One of my gardening philosophies is that the world can never have too many snowdrops. A large drift of Galanthus in full bloom is sure to chase the winter blues; even a single blossom from a long-neglected clump can lift the spirits.
Snowdrops spread slowly. If growing conditions are right, each bulb will repay the favor with a modest clump of leaves and flowers within a few seasons of planting. Then, ever so gradually, blooming diminishes until a few years later tiny white flowers are sparse atop congested foliage. The bulbs are begging for more space.Few plants like to be divided during their active growing period, but snowdrops don't seem to mind. They move quite willingly after the leaves have come up a few inches. If a gardener is careful, the task can even be done when the plants are in bloom, without the flowers missing a beat.
Lest you hesitate - why take a chance? - remind yourself that April is soon knocking. How many other (more important) chores await that will push the diminutive Galanthus to the bottom of the gardening agenda?
It's easy to lift and divide the clumps. Just be sure to prepare a bed for them beforehand, so the bulbs can be replanted quickly.
Dig lots of compost, chopped leaves, peat moss or mushroom manure, or a combination of two or more of these soil amenders, into a bed at least eight inches deep. Soil preparation for the tiny bulbs is especially important in clay soil, for they appreciate good drainage.
Slide a fork or spade under the clump of snowdrops to be divided. The bulbs may have worked their way down to a depth of several inches (depending on how much they were mulched over the years), so be sure to dig deeply to avoid slicing the bulbs in two.
Carefully shake all the soil from the roots and begin to gently tease the bulbs apart. Separate each individual bulb for maximum coverage or leave them in small clusters of two or three for a faster display.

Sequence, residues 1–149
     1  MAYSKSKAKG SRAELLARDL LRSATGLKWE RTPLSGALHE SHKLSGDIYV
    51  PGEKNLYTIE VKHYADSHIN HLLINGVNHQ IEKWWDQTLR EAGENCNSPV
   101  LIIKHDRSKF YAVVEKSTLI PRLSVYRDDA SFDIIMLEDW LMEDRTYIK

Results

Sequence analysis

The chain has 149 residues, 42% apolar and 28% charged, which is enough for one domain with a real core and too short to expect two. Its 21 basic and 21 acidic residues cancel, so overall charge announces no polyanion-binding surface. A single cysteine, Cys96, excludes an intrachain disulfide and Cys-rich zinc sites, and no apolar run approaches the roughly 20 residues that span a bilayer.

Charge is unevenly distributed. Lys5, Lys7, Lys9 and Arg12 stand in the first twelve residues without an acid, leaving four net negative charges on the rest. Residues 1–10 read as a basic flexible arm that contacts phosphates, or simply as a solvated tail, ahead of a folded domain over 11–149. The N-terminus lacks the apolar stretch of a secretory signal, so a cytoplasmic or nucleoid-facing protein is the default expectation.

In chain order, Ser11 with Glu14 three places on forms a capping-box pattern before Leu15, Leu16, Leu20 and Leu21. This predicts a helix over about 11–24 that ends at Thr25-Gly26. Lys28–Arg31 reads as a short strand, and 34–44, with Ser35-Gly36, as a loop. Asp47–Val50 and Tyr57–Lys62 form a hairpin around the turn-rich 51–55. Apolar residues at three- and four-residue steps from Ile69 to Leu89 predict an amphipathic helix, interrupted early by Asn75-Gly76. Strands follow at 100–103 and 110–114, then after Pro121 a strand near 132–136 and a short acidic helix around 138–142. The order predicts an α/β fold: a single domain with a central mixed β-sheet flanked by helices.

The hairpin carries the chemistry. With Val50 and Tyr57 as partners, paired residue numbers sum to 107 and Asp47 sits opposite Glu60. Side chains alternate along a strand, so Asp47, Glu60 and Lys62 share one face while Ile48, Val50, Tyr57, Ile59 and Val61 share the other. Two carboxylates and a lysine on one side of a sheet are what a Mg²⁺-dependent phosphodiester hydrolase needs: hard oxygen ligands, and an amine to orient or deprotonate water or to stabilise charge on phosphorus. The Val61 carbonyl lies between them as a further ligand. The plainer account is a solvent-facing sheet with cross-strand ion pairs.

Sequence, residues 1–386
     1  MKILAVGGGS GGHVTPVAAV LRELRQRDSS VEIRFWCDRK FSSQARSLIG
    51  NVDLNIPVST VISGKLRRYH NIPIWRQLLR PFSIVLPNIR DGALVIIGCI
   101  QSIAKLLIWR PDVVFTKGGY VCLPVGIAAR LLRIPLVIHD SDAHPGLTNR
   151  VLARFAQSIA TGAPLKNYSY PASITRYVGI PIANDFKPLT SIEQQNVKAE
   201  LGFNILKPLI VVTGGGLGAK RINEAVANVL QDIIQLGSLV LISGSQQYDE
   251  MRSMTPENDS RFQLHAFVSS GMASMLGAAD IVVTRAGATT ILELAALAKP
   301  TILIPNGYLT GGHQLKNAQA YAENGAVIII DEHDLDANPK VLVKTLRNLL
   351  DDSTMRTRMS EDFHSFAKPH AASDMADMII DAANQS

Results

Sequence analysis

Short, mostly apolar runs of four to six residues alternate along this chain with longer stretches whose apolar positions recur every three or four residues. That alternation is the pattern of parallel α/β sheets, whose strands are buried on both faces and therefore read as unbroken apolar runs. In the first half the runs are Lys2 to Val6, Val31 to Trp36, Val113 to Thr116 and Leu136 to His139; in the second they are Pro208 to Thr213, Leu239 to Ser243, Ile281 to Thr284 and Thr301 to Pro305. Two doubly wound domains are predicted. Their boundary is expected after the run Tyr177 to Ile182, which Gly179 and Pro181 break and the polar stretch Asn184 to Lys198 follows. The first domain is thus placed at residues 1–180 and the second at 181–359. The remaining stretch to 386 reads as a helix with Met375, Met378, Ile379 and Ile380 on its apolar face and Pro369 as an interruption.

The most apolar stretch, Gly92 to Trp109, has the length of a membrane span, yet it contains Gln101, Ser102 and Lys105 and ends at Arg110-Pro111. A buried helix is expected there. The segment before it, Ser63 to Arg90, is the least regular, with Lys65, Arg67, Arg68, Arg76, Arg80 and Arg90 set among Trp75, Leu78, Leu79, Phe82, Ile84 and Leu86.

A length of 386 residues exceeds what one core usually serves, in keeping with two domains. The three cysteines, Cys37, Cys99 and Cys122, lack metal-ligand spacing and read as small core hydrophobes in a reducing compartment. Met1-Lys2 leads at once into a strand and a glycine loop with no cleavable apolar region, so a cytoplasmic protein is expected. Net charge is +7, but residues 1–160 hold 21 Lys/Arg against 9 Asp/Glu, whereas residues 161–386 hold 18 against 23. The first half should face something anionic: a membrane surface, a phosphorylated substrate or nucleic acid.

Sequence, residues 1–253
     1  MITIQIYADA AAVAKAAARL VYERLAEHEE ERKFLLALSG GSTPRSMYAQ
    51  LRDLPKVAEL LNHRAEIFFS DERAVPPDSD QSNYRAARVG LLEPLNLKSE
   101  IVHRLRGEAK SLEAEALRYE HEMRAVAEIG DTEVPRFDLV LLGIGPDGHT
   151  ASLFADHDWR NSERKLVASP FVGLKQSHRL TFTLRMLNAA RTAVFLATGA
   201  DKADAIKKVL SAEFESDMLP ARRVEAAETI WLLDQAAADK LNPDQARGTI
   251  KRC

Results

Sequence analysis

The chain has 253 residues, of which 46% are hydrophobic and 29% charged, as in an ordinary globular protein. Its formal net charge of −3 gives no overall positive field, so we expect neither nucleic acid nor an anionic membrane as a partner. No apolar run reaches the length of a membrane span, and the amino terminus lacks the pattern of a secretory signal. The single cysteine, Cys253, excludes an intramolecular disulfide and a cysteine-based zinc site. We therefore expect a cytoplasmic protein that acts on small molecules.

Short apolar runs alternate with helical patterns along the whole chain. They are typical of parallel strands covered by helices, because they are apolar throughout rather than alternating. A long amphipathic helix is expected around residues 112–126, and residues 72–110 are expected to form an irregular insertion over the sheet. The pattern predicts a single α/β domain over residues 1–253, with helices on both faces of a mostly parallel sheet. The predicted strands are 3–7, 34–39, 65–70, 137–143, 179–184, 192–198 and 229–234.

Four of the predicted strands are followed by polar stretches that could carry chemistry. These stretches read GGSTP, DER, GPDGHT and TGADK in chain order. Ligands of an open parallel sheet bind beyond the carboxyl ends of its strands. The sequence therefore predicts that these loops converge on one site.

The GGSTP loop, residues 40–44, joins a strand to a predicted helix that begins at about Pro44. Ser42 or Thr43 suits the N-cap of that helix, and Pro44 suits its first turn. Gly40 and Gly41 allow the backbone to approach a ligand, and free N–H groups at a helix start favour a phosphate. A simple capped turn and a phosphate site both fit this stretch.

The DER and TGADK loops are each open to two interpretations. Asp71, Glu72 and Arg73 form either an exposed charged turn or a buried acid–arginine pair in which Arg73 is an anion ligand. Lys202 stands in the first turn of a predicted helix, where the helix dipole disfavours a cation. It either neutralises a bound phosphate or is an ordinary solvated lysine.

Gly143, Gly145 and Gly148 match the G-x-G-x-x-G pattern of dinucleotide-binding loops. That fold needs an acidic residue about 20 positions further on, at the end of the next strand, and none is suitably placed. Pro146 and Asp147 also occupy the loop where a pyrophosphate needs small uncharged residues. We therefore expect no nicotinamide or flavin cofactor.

Set the finished bulbs aside until the other clumps have been lifted. If it's a cool, cloudy or rainy day, the bulbs will be fine for an hour. If the sun is shining, cover the pile with a piece of damp burlap to keep the roots from drying out and the foliage from wilting.
Replant Galanthus bulbs about three or four inches apart at least three times the depth of the bulb, about three inches. This will mean burying an inch or more of the green portion of the stem. Firm the soil around the plants so as to support the foliage in an upright position.
Finally, fertilize the plants with a balanced liquid or granular fertilizer, water them well if the soil is dry and mulch with an inch or two of loose organic material such as chopped leaves.
Snowdrops will sometimes push their way to the surface of the soil, until spring rains expose the vulnerable young bulbs. This happens more frequently in heavy clay soils than on sandy or loamy sites, and it's usually an indication of crowding or that the bulbs weren't planted deeply enough in the first place.
As the clump expands outward, the older bulbs get squashed together in the center of the clump and are forced upward, where freezing and thawing cycles nudge them to the surface. Those of us with clay soil are certainly familiar with the effects of frost heaving.
Erosion can also cause surfacing of small bulbs. Good soil preparation and a thick mulch can help stabilize soil on slopes. Plant additional ground covers or spreading shrubs to slow the damaging erosion process.
Occasionally, burrowing animals are responsible for bulbs deposited on the soil surface. Moles and chipmunks find snowdrops unpalatable. They'll push them up and out of their tunnels to get the bulbs out of the way.
After the snowdrops are done, gardeners can also divide winter aconites (Eranthis) and early species crocus in a similar fashion. Winter aconites are even easier to dig than snowdrops, because the flattened irregular-shaped tubers rest close to the surface. Replant them the same way.
After dividing, arrange the individual varieties in drifts (groupings of a dozen or more). Plantings of minor bulbs look better in the landscape and make more of a visual impact than if they're scattered throughout the garden or all mixed up together.